In November 1942, American and British forces landed in Tunisia. It was part of Operation Torch, the invasion that brought America into the Mediterranean theater of WWII. From there, they advanced east. It was the beginning of the first battle for Tunisia.
Anderson Versus Nehring
For the duration of the landings, the troops in Tunisia were commanded by the American General Ryder. It was a political decision taken to appease the local French authorities who could negotiate better with an American rather than a British Officer. Following the landings, the more experienced British were put in charge of the offensive, in the form of Lieutenant General Kenneth Anderson.
Facing Anderson on the German side was General Nehring, a battle-scarred veteran of the fighting further east.
The Plan of Advance
The Allied aim was to break through to the eastern coast, where the ports of Bizerte and Tunis lay. Their approach was dictated by the landscape, which featured rugged mountains through which critical passes ran. They planned, therefore, to advance on three fronts – along the road to Bizerte in the north, to Chouigui Pass in the center, and around Medjez el Bab in the south.
First Clashes in the Centre
The Allies saw some initial success in the center. On November 25, American armored troops seized a German airfield and took Chouigui Pass, before backing off for the night. At first, Nehring panicked and pulled his forces back, but following orders from his superiors, he sent his tanks in.
The first clash between American and German tanks took place on November 26. The Americans held their ground in the fight with roughly equal losses on each side.
Fighting at Medjez
On the 25th, British troops backed by American artillery attacked the Germans defending Medjez el Bab. They were driven off, took a hill above the town, then lost that too.
Again, Nehring’s lost his nerve. Overnight, he withdrew his forces. The next day, American tanks and British infantry walked in.
War in the Air
Air power was a serious problem for the Allies. Their closest air base was seventy miles from the front, while the nearest German planes were only minutes away. Allied ground forces were subjected to attacks from above.
Even when the American flyers arrived, there were problems. They drove off the Germans on the 26th, only to become confused and attacked their own forces on the ground.
The Failed Approach to Bizerte
On the road to Bizerte, the Allies walked into an ambush in the pass between Green Hill and Bald Hill. German heavy machine-guns opened fire from the slopes, devastating the infantry and destroying 10 out of 12 gun carriers. The remaining troops retreated.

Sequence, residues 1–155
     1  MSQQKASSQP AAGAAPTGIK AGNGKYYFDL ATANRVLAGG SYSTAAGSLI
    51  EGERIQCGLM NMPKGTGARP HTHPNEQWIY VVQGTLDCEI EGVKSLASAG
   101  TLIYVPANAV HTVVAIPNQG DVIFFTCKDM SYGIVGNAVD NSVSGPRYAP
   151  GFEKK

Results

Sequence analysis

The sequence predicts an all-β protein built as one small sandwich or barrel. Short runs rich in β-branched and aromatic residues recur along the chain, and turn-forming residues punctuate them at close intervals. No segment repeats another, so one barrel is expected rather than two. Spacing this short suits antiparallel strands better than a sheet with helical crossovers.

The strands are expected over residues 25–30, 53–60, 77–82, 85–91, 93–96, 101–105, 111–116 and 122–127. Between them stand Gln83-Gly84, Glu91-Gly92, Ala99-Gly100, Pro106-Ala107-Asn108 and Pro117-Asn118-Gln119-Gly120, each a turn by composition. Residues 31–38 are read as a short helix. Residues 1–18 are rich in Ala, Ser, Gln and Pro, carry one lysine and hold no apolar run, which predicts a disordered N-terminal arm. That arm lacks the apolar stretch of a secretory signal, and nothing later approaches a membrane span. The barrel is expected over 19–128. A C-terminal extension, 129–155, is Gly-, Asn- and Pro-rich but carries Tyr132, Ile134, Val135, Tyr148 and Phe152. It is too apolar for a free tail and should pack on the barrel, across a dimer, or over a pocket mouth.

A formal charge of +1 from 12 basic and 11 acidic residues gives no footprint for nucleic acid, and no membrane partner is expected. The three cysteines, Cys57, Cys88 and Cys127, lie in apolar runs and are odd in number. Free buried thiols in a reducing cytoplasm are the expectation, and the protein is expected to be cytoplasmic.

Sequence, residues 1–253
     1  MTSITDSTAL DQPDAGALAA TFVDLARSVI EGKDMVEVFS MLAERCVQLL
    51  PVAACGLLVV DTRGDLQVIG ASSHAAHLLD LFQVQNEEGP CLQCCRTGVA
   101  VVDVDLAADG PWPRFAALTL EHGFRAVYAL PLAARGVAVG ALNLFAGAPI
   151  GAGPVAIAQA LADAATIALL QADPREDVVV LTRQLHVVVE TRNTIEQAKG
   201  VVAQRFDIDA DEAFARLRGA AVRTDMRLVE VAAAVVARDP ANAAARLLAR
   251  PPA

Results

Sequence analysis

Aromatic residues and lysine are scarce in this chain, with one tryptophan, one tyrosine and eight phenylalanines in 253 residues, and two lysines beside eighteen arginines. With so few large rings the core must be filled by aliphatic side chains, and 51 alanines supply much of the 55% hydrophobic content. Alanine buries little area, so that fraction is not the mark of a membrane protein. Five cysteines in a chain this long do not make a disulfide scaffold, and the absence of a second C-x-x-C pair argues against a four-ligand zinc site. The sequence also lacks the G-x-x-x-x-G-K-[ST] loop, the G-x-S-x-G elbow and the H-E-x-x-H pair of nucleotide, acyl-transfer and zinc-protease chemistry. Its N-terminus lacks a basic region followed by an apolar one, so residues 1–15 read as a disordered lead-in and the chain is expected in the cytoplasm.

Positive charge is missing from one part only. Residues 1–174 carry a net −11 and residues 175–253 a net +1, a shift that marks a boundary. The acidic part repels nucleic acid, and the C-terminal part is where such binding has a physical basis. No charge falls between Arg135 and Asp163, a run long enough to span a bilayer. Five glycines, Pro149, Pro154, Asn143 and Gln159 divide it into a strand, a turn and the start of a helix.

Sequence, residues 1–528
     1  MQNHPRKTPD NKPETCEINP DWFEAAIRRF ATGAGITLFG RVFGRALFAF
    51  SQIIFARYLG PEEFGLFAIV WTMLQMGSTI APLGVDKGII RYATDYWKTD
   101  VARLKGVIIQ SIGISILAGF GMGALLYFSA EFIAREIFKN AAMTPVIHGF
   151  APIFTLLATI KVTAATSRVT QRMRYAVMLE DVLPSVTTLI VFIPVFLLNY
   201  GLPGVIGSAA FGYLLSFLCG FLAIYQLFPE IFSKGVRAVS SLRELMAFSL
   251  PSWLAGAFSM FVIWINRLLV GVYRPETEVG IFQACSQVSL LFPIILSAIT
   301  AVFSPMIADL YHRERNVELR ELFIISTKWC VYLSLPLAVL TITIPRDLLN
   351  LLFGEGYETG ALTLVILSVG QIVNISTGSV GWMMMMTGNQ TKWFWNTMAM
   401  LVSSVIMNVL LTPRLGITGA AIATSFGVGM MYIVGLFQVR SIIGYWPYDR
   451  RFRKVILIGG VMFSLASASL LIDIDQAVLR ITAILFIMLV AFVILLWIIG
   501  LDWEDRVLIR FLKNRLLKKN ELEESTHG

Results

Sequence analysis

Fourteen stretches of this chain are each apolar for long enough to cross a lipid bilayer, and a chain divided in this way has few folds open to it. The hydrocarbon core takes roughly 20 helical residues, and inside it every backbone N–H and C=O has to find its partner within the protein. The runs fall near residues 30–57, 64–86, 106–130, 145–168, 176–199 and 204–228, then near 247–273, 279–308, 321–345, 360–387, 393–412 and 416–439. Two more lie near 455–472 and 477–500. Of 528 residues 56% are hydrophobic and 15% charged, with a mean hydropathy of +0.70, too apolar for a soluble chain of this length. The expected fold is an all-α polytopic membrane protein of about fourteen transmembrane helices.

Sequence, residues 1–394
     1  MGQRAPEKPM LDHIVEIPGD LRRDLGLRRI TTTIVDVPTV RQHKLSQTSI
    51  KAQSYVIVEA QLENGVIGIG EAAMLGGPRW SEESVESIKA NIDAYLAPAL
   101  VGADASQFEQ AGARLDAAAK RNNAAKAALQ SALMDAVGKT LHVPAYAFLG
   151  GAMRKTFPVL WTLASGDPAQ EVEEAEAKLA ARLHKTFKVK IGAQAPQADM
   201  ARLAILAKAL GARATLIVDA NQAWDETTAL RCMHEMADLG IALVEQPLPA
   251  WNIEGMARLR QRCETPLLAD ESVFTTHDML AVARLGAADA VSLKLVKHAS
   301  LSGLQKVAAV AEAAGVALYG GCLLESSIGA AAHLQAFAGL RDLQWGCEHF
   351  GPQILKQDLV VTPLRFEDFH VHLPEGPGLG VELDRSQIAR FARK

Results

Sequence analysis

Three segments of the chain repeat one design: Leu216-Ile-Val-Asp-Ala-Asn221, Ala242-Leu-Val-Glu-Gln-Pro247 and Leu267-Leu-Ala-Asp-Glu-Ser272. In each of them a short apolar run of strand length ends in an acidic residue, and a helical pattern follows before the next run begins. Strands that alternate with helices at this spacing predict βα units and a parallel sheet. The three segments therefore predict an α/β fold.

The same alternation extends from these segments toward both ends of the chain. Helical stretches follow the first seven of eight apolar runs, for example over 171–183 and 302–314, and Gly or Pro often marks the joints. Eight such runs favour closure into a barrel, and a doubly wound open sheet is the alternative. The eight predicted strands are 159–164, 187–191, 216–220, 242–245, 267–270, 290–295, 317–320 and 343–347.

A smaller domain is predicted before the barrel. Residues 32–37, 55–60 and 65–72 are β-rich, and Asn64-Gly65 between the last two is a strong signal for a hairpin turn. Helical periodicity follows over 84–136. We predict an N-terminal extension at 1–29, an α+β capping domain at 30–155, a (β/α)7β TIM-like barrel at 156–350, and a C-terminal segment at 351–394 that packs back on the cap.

Meanwhile, British commandoes and American infantry had landed up the coast to hold the road open for the advance. Instead of connecting up with the advancing troops, they found themselves cut off and had to fight their way back past the Germans to their own lines.
On November 29, the Allies tried another landing behind German lines. 500 British paratroopers jumped from American planes then made a night attack on an airfield at Oudna. The aim was to destroy Axis planes there, but in fact, their intelligence was incorrect – the Germans and Italians were not using the airfield.
Again, British troops had to fight their way back to Allied lines, losing half their numbers along the way.
The Allies were preparing for another offensive when, on December 1, Nehring launched a counter-attack. A hastily assembled force of Axis troops attacked the Allied center.
While the scratched together unit was not ideal for the task, neither were the Allied troops facing them. Lack of coordination between American, British, and French units contributed to a shaky defense.
The Germans took a small amount of ground. It was enough. It halted the Allied advance and gave Axis troops high ground on which to build defensive positions.
As the Allies argued over what to do next, the Germans prepared another offensive. On December 10, they attacked Medjez el Bab. A column of German tanks assaulted the Americans defending the town.
German tanks destroyed their lighter American opponents. A flanking force, unseen during its approach, caught the Allies by surprise.
Late in the day, as the rain began to fall, the survivors pulled back, leaving the Germans in Medjez. The Allies were now considering a wider retreat.
The last offensive action took place over Christmas.
Longstop Hill lay seven miles north of Medjez el Bab. From there, Axis forces coordinated air strikes and artillery against Allied advances in the area. The Allies had to capture it, to safely advance again in the south.
On the night of December 23, as tanks prepared for the advance, the British Coldstream Guards attacked the hill. They fought their way to the top, then handed the position over to their American comrades in arms.
The Germans, recognizing the hill’s importance, began a heavy counter-attack. The Guards rushed back to help the Americans and together they held on through Christmas Day. However, they did not have enough support or machine-guns to win. On the 26th, withdrawal from the area around Medjez began.
Calling Off the Offensive
The advance on Tunis was called off. In some parts of the line, the Allies had already retreated. Amid mud and rain, the Guards and those with them joined the retreat.
The Allies had failed in their first push for Tunis. They would have to try again.
Orr Kelly (2002), Meeting the Fox: The Allied Invasion of Africa, from Operation Torch to Kasserine Pass to Victory in Tunisia